An article in the Jan. 12 Real Estate section incorrectly stated benefits to buyers of homes in the Department of Housing and Urban Development inventory.
Through the end of February, buyers who plan to live in homes insured by the Federal Housing Administration pay just a $500 down payment. Owner-occupants or investors can get a $300 bonus if the sale goes to settlement within 30 days of HUD's accepting a contract.
The Sun regrets the error.
Hoping to boost its single-family home sales and reduce costs to taxpayers, the Department of Housing and Urban Development has designed a pilot program for Maryland and two other states to turn its properties over to a single, private contractor.
The move to have one contractor oversee and sell houses in HUD's inventory should lead to more efficient sales and reduced government costs of owning and maintaining homes, HUD officials said. The department chose Maryland and parts of Louisiana and California for the experiment.
Golden Feather Realty Services Inc., a nationwide real estate services company based in San Antonio, was awarded three one-year contracts, all of which the company competed for separately.
"Our desire is to lessen the amount of time HUD owns the properties and get the highest value we can for the property," said Larry Basinger, executive vice president.
As of Oct. 1, the company has managed and sold properties controlled by HUD offices in Baltimore, New Orleans and Sacramento, Calif. -- offices HUD chose as samples of those handling high, midrange and low inventories respectively.
The Baltimore office, which represents all of Maryland except Montgomery and Prince George's counties, has an inventory of 650 to 800 homes, two-thirds of them in the city. The Sacramento office typically handles 200 to 300 properties, while the New Orleans office handles an inventory that falls somewhere in between, said Candace S. Simms, director of HUD's Single Family Housing Division for Maryland.
HUD typically assumes ownership of properties with mortgages insured by the Federal Housing Administration when borrowers can't make payments and lenders foreclose. HUD then pays off the balance of the mortgage and tries to sell the home. It often takes the agency six to eight months to sell a home.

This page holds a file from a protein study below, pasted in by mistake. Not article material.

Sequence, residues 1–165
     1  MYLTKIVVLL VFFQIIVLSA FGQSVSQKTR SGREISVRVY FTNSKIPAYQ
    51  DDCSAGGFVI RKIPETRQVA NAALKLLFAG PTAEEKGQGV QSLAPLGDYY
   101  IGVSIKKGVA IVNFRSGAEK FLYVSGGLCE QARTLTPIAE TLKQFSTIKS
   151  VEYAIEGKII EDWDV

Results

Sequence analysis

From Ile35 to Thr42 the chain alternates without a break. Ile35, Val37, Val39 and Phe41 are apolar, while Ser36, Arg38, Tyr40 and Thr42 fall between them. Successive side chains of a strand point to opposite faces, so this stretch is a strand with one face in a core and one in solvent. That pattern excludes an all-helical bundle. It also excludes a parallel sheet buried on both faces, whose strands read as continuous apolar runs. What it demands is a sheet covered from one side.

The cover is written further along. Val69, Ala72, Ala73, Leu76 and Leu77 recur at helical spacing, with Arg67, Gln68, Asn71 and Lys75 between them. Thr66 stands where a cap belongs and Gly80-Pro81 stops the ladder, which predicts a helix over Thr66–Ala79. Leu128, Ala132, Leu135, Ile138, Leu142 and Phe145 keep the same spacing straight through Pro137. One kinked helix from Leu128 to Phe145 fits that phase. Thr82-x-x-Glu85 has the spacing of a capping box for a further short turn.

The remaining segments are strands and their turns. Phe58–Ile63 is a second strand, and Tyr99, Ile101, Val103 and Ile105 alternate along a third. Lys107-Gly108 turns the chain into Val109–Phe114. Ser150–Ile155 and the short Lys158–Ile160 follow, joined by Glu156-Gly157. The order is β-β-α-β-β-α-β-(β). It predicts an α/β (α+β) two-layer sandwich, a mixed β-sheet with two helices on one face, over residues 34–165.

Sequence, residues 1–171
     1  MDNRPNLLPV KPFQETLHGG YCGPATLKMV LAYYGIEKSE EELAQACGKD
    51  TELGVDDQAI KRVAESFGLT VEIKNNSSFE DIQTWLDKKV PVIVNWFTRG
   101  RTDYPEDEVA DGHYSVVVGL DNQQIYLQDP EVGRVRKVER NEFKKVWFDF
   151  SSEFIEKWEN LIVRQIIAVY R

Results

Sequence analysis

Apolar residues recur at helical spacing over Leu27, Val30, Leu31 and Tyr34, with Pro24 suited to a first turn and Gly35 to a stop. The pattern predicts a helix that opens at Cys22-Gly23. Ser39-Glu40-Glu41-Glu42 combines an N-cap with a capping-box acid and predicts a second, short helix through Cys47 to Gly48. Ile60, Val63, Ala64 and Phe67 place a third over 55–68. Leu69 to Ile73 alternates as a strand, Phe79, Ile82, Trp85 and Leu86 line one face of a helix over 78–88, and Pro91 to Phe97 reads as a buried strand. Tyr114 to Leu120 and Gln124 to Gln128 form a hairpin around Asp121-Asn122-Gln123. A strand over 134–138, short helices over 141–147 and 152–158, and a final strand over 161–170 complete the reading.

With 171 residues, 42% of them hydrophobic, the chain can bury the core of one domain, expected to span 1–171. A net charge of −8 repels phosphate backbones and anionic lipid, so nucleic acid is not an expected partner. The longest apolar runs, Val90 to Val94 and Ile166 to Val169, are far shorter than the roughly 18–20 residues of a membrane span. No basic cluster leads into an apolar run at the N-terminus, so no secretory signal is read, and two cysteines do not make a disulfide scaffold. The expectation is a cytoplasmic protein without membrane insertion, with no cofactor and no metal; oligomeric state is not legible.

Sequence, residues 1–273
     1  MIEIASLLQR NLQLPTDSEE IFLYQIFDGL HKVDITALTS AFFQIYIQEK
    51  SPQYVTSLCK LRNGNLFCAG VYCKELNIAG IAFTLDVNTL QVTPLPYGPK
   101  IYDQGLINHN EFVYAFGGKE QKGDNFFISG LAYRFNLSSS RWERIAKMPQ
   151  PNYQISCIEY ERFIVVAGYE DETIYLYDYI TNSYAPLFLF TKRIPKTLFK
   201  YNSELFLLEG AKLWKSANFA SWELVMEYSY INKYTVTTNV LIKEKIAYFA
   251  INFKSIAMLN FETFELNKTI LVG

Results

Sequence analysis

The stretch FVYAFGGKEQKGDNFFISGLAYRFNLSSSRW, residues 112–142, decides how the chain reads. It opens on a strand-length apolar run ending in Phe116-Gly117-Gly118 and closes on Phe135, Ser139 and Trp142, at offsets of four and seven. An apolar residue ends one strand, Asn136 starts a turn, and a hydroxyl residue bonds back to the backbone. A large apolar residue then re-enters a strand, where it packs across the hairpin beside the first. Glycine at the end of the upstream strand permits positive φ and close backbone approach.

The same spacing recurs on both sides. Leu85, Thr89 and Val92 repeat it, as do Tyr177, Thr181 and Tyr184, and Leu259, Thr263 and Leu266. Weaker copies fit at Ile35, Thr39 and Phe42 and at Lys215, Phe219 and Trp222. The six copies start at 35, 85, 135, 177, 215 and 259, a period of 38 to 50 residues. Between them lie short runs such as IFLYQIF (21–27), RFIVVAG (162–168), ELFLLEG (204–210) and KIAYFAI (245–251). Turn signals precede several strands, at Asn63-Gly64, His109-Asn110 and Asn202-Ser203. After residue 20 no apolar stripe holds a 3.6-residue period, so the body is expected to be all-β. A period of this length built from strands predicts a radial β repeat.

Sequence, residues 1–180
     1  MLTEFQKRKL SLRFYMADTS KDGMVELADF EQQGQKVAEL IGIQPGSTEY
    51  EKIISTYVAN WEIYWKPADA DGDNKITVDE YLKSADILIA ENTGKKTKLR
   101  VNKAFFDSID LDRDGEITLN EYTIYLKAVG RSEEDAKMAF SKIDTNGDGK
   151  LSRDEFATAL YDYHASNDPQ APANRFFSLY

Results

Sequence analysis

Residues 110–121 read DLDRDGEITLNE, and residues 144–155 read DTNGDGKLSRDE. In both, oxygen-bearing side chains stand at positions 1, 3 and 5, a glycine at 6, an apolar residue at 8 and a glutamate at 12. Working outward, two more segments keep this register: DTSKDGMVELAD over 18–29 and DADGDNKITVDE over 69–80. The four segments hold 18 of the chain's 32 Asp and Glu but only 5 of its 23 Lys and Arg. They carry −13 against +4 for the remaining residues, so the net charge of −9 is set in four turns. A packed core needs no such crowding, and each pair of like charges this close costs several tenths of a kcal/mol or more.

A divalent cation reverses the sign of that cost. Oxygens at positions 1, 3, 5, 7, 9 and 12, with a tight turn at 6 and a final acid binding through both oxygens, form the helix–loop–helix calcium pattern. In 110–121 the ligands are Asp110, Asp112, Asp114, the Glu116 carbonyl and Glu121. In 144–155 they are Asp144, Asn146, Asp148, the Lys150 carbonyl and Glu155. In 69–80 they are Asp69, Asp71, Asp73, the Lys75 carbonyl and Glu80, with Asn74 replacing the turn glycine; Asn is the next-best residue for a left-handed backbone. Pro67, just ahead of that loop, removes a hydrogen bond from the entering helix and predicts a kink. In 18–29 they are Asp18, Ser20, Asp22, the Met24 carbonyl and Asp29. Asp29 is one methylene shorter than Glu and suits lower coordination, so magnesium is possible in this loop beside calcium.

Under the pilot program, in fiscal year 1997 HUD expects to sell 1,267 homes. In fiscal 1996, 993 homes were sold, while 895 were sold in 1995, Simms said.
FHA Commissioner Nicolas P. Retsinas put the pilot program in place after determining offices were understaffed to handle a process that includes taking ownership of foreclosed properties, handling minor repairs and cleanup, appraising, devising a marketing strategy, listing and selling homes, and following through on the closing.
In the past, HUD's Maryland office has hired a property manager and exclusive listing brokers in some rural areas and contracted with appraisers and inspectors. HUD staff did administrative work and marketing.
"The commissioner designed this pilot to see whether it would be more efficient and effective to have one major contractor handling these functions," Simms said. "If a home is listed sooner, and we're getting people to look at it, hopefully it will not remain on the market too long. It reduces the chance of vandalism and the cost of having to make repairs."
In one of its first steps representing HUD, Golden Feather Realty -- which opened a Baltimore office on North Calvert Street in October -- is offering financial incentives to buyers and their real estate agents, said Shelagh N. Davidson, a Golden Feather vice president and head of the Baltimore office.
Through the end of February, buyers who plan to live in the homes can get $500 off their down payments. Brokers can get a bonus if the sale goes to settlement within 30 days of HUD's accepting a contract. HUD also will contribute up to 5 percent of a buyer's closing costs.
"That's a big advantage to somebody buying a HUD home," Basinger said.
The office also has been running weekly orientations for brokers and real estate agents.
"Certainly, we want to encourage more [agents] to do this," said Davidson, who said agents selling HUD homes usually work with first-time homebuyers who don't have a home to sell. The agents "don't have to generate listings. They just generate sales. It can be very lucrative."
That's because a cooperating agent or broker -- that is, someone who finds a buyer -- can earn up to 6 percent in commission, rather than splitting the commission with a listing broker as in a conventional sale. Golden Feather is paid under its contract with HUD.
The company markets the homes via a Web page on the Internet, newspaper advertisements and a fax-on-demand service. The homes currently for sale range in price from $2,000 to $130,000.
Bids, on behalf of buyers, must come from HUD-certified real estate brokers or agents and be submitted to Golden Feather, which opens and makes decisions on bids every day.
Only owner-occupants can bid on homes for the first 10 days after the initial listing. Bids during that period must offer at least 89 percent of the listed price. Afterward, investors may put in bids.
The agency will also take over the running of the mass auctions that HUD has found to be an efficient way to clear hard-to-sell properties from its inventory. The agency hopes to hold the next auction in March.
The Baltimore office has 13 employees, but contracts out for some services, such as property maintenance. All properties are appraised and inspected twice a month.
Anyone interested in purchasing a HUD home should contact a real estate agent or broker.
Pub Date: 1/12/97